I price off the wedding servings. I also tell them the wedding serving amount as well as the serving size. If they want more cake they can order more cake.

For me that is easier than charging two different prices for the sizes or having to explain why the same size cake costs more because it is for a wedding.

dreamcakesmom Posted 9 Apr 2010 , 11:17pm
post #7 of 11

I base mine off of earlenes party chart for party cakes and wilton wedding for wedding. I tell clients the slice size and if they opt to serve bigger pieces they need to order a cake that will provide them the extra servings.

sweetcakes Posted 10 Apr 2010 , 2:31am
post #8 of 11

I base any 4" high or taller cake by the number of servings that wilton quotes. I made myself a sheet with sizes, servings and combinations, then i add the price i charge for that size beside it. thats just for a simple iced and minimal decorating cake, then when im quoting i look at that and add on what i feel is fair for the extra work the customer is asking, doesnt matter if its a birthday or wedding, my prices are set for the size combination. i tried to attach it but its not ready it. if anyone wants to see it i will email it to them.

indydebi Posted 10 Apr 2010 , 8:40am
post #9 of 11

First of all, you dont' charge the same per-slice-price if you are giving a bigger piece of cake. Large fries cost more than small fries.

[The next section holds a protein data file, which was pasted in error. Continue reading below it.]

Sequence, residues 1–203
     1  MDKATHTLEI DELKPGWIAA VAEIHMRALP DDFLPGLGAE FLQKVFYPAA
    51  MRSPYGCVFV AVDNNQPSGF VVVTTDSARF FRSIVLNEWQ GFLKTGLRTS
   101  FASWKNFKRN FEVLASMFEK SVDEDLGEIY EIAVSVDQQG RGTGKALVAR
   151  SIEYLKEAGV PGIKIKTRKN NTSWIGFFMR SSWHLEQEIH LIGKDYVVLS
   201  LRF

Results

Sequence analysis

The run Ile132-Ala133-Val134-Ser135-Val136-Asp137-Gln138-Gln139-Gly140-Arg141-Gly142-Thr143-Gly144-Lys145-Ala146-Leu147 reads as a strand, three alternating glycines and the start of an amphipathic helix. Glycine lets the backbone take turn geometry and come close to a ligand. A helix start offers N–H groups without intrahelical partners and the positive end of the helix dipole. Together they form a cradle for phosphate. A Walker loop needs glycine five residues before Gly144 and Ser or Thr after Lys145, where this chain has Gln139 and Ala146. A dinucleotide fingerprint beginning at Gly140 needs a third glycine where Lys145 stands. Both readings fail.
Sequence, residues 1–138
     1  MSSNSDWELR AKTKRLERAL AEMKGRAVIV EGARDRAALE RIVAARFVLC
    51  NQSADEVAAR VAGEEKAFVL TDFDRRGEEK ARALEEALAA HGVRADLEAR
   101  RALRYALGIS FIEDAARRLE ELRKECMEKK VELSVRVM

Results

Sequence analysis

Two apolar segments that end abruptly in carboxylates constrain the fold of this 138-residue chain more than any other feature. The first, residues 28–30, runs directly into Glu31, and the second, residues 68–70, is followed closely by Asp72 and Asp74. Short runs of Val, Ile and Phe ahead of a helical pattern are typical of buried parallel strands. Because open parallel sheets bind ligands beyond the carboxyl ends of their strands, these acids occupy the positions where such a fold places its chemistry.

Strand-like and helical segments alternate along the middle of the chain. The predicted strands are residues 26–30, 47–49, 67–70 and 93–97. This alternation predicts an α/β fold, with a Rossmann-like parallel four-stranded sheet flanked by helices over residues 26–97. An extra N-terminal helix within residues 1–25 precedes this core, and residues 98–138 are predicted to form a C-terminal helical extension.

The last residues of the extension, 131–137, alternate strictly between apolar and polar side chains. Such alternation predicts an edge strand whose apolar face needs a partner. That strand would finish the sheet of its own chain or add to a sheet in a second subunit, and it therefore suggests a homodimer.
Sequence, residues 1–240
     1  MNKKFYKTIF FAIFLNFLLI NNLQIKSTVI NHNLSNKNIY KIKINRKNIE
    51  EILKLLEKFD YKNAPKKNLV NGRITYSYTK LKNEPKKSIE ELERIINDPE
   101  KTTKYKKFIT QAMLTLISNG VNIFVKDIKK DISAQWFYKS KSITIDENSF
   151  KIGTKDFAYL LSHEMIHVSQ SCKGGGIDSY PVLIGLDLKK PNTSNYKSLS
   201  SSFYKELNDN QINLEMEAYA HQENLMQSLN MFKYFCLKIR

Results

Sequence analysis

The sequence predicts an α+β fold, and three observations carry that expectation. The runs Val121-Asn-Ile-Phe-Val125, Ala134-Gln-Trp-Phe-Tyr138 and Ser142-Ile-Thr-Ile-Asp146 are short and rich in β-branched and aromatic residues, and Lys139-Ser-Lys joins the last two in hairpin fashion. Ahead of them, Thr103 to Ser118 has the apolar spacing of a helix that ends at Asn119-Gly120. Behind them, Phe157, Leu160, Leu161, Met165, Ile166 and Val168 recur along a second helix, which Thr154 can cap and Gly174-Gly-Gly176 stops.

A standard 1x2x4 = 8 cubic inches. (wedding serving)
A party sized serving is 1.5x2x4 = 12 cubic inches = 50% more cake per serving.

Ergo, your per-serving price would be 50% more.

1x2x4 = $3.00/serving
1.5x2x4 = $4.50 serving

Then it all just boils down to semantics. The cost of hte cake is the same.

12" square cake, when cut in 1x2x4, yields 72 servings (6 rows by 12 columns). 72 x $3 = $216 for the cake.

12" square cake, when cut in 1.5x2x4, yields 48 servings (6 rows by 8 columns). 48 x $4.50 = $216 for the cake.

they can cut it any way they like. I tell them "This cake will serve 45 to 70, depending on how you cut it. The price is $216."

You don't charge the same price per serving when you are giving more cake per serving.

The cost of the cake ends up being the same.

Pick one chart. use it for pricing. Stick with it.

If you start going back and forth, you're just going to cause problems for yourself.

Texas_Rose Posted 10 Apr 2010 , 8:56am
post #10 of 11
Quote:
Originally Posted by Aedans_Cakes

But, because I use larger serving sizes, I also charge more per slice.




The problem with that is that when people are comparison shopping, they will look at the price per serving, not the size of the slices, so you will lose anyone who's just looking for the best price.

indydebi Posted 10 Apr 2010 , 10:08am
post #11 of 11
Quote:
Originally Posted by Texas_Rose

Quote:
Originally Posted by Aedans_Cakes

But, because I use larger serving sizes, I also charge more per slice.




The problem with that is that when people are comparison shopping, they will look at the price per serving, not the size of the slices, so you will lose anyone who's just looking for the best price.


Agree. Using my example above, cake civilians wont' stop and figure out it's the same size cake. All they'll hear is "her cake only serves 48 people but it's the same price as the one that serves 72! I'm getting the one that serves 72!"

Seriously, you can explain it 'till you're blue in the face and they will not understand it's the same size cake for the same price. dunce.gif

That's why I dont' even go there. Industry standard .... one price .... no explaining.

Quote by @%username% on %date%

%body%